We started planning this trip 16 months ago and the countdown started at 300+ days, the Big Day Countdown on my phone is at -1. It seemed like time kept accelerating exponentially as the countdown turned from months to weeks to days to hours while the to do list was going in the opposite direction. It’s a strange feeling when you’re looking forward to something for so long because the anticipation keeps it in a kind of surreal state. Our adventure is now!


As we pulled out of the driveway of Elizabeth’s parents’ house (where she had prepped for departure as I finished up work) it was an incredible feeling of freedom and relief. Freedom of the open road and a year with only the compass and calendar we agree to. Relief that all the gear we accumulated over the past year made it into the car and was organized beautifully with room to spare thanks to Elizabeth. We actually hit our ETD, but the real challenge for the day was staying awake after marathon packing session and under 4 hours of sleep. With all the adrenaline pumping this proved an easy task. It helped that we had some great stops as we made our way west…

Our first stop was ironically not a National Park or even an NPS site (see the difference between NPS designations here). It was more a symbolic visit to the spot where Lewis and Clark embarked on their expedition across the northwest: Camp Dubois. We wanted to kickoff our trip here for several reasons:

  1. Mostly we thought it was pretty cool symbolism to start out from the same point as the famous and incredibly impactful Corps of Discovery expedition did 211 years ago.
  2. My family has really been into Lewis and Clark history and reenacting for the past decade. So it has been a big part of our family hobbies and vacations and my growing up in the outdoors.
  3. Our first “park partner” was the Lewis and Clark National Historic Trail, who was immediately on board for helping us promote the NPS and supporting us however they could. (check out our feature in the LCNHT Trail Companion newsletter)


The Lewis and Clark State Historic Site in Wood River, IL is set on the banks of the Missouri River and has a reconstructed fort that marks the place where the Corps of Discovery camped during the winter of 1803-1804 as they prepared and evaluated the recruits for the numerous skills they would need on the trail – most importantly hunting and tracking. Today the site marks the start of the LCNHT, which runs from Wood River to the Pacific and back along the routes of Lewis and Clark.


The Lewis and Clark trail connection actually continued through the first day of our trip. As we crossed Missouri our route hugged the Missouri River – through places like Elizabeth’s hometown of Washington – and we saw all sorts of signs marking the trail. If there’s one thing it’s hard to ignore if you live around the I-70 corridor it’s the connection to Lewis and Clark. We even stopped in Kansas City, KS at a place called Kaw Point. Even though we lived in KC for 3 years, this spot gave us a completely new perspective of the city. The little park is set on a Lewis and Clark campsite where the Kansas River joins the Missouri River (even Kansas water realizes everything better in Missouri – says the Mizzou grad).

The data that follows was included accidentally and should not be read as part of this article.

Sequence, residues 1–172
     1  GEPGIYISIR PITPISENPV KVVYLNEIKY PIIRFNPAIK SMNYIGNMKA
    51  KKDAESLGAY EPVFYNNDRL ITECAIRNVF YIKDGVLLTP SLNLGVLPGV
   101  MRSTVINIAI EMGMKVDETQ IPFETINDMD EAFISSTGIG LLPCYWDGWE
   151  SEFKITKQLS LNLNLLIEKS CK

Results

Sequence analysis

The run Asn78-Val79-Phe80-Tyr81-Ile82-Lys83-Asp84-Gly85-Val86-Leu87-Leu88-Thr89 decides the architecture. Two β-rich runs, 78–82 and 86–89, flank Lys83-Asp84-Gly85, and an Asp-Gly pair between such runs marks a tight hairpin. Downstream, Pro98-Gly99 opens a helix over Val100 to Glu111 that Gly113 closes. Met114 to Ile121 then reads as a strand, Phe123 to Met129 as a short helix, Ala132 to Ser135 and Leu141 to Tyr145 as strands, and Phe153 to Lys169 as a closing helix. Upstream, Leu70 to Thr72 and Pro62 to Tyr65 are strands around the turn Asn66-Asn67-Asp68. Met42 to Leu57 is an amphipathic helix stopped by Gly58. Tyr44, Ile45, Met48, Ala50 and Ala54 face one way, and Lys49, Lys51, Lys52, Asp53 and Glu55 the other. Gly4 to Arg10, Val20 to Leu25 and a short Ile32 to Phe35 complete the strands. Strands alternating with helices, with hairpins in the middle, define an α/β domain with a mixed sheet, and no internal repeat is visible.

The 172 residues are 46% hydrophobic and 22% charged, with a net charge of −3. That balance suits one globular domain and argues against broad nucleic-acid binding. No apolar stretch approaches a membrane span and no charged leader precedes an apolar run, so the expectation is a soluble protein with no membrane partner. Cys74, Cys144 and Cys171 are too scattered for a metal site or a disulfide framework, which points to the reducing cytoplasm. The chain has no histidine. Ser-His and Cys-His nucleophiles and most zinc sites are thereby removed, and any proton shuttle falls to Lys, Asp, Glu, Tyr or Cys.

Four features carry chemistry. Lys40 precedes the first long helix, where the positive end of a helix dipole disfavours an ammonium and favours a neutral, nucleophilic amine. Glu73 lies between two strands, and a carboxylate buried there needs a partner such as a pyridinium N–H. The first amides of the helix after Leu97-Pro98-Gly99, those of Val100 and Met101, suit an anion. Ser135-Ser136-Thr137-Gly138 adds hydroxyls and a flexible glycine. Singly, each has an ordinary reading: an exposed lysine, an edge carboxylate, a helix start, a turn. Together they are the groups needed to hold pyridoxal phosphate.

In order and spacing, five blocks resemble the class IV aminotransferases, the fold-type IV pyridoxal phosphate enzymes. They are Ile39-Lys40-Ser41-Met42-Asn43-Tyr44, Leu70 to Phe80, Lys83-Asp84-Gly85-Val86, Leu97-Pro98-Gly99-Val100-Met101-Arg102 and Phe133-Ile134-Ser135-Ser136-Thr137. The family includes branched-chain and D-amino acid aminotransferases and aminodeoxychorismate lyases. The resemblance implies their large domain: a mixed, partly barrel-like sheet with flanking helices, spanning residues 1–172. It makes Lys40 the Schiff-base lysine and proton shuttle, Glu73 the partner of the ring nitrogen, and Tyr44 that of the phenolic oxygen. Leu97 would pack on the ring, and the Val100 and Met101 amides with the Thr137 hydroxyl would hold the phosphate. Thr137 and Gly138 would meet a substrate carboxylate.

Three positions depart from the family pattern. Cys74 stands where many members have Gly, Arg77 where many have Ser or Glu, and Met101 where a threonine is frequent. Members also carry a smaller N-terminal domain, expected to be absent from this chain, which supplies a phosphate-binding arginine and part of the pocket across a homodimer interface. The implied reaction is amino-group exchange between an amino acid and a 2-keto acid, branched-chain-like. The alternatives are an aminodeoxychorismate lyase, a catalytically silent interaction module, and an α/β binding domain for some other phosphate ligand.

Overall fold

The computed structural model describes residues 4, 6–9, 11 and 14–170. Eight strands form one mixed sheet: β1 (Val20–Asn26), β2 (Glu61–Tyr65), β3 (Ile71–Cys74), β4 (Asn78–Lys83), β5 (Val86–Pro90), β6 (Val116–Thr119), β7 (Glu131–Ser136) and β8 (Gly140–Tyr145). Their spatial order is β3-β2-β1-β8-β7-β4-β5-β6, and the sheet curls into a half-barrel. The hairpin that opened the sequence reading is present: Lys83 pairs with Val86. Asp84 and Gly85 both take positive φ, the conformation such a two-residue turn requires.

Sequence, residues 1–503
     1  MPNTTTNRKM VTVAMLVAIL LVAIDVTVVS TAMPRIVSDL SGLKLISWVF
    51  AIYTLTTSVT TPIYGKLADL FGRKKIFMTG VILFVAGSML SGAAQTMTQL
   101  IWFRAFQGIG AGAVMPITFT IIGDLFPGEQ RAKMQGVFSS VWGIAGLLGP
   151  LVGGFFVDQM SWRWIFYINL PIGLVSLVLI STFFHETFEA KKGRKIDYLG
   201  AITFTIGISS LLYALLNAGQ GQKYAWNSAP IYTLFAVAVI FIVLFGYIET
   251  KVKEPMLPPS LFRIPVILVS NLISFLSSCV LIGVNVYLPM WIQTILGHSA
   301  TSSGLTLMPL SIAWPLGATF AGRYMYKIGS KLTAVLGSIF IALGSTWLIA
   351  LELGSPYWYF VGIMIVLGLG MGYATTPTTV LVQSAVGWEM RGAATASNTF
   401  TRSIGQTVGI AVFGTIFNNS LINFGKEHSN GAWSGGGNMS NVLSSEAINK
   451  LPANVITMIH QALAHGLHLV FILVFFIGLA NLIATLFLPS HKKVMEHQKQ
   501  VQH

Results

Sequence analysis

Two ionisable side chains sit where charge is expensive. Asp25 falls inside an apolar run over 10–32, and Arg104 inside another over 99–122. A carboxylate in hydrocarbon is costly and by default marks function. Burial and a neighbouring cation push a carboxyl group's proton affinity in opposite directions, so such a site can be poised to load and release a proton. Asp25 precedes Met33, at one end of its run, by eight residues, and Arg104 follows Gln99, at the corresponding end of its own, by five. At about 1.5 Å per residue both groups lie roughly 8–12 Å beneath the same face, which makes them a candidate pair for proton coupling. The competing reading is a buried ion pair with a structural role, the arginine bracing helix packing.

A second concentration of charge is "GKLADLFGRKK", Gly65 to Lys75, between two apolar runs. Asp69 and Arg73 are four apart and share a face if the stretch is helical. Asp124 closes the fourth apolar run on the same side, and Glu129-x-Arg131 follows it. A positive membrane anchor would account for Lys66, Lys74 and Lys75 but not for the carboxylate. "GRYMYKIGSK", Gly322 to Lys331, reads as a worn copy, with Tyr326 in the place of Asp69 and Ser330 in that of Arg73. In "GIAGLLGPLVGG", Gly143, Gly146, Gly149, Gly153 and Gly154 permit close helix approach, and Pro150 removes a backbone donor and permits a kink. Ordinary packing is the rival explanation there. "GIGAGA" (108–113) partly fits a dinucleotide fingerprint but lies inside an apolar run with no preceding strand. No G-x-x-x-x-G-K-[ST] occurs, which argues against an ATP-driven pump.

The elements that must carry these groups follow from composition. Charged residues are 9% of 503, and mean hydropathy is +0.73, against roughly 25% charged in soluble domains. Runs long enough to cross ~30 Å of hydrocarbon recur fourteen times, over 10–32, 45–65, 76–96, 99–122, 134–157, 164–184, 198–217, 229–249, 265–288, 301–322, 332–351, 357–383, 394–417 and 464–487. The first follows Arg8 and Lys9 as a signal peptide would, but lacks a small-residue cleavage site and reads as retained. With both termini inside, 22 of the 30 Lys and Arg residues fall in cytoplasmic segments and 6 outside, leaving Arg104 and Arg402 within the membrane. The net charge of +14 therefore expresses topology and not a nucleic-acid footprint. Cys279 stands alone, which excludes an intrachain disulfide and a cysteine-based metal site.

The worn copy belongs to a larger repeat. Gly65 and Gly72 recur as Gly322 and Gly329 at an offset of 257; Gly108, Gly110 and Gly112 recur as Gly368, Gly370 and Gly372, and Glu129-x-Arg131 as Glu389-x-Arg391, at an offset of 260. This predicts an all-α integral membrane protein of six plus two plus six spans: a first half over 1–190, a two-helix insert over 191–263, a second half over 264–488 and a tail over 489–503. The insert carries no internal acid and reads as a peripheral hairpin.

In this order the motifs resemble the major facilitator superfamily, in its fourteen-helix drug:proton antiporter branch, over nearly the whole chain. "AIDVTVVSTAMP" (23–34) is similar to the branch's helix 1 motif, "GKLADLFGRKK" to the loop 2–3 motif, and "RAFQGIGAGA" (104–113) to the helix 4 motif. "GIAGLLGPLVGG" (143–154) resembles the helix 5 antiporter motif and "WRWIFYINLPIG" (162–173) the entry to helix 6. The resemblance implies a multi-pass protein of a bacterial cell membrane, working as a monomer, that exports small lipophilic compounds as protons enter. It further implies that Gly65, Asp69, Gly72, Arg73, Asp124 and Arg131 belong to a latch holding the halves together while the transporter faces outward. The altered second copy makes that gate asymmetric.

After crossing Missouri our paths parted from the Lewis and Clark Trail (for now). But for anyone traveling anywhere from Missouri to Oregon, I almost guarantee they could find a fun little side stop or driving break related to Lewis and Cark somewhere along the way. If you need help with that just check out the awesome interactive map on the LCNHT website for tons of historical and educational points along the trail.

Now, we try not to entertain any delusions of grandeur (however I can’t say the same for my dad when he plays the role of Lewis 😉 – Love you dad!). We are not trying to equate the Switchback Kids with Lewis and Clark. Believe it or not there are a few differences:

Lewis and Clark

Switchback Kids

Military expedition

Personal challenge

Explored unknown territory of Louisiana Purchase

Exploring National Parks visited by millions each year

Traveled by boats, canoes, horses and foot

Traveling by 2015 Ford Escape (barring another vacay disaster)

Cost taxpayers $40K for over 40 men

Cost us $20k (goal) for 2

Covered 8K miles

Covered over 30K driven miles

1 member died (presumed appendicitis)

0 died (goal) 😉

Surprisingly there are also a few fun similarities:

  • Specific mission leading them across the US
    • L&C – find the Northwest passage to the Pacific, meet Native American tribes and document plants/animals
    • SBK – visit all 59 National Parks in one year (read how our idea started here)
  • 1 woman on the trip
  • Extensive planning and preparations
  • Documented their journey to share their explorations for the benefit of others
  • Saw tons of stuff they’d never seen before

And that last one is the one that really counts. We can’t all be professional adventurers and explorers like our boys L&C, but we can all follow in the footsteps of Lewis and Clark and get out and find adventures of our own. #FindYourPark

Written by Cole

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3 Comments on "HITTING THE TRAIL: Departing in the footsteps of Lewis and Clark"

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Brian Sumner

Well, it sounds like you’re off to a good start. Like the comparison between you guys and L & C. Can’t wait to read more.

Tammy Donelson

Great start to an amazing journey. I enjoy all the detail of the planning and prep.

A. Janelle

God’s speed. Love you guys.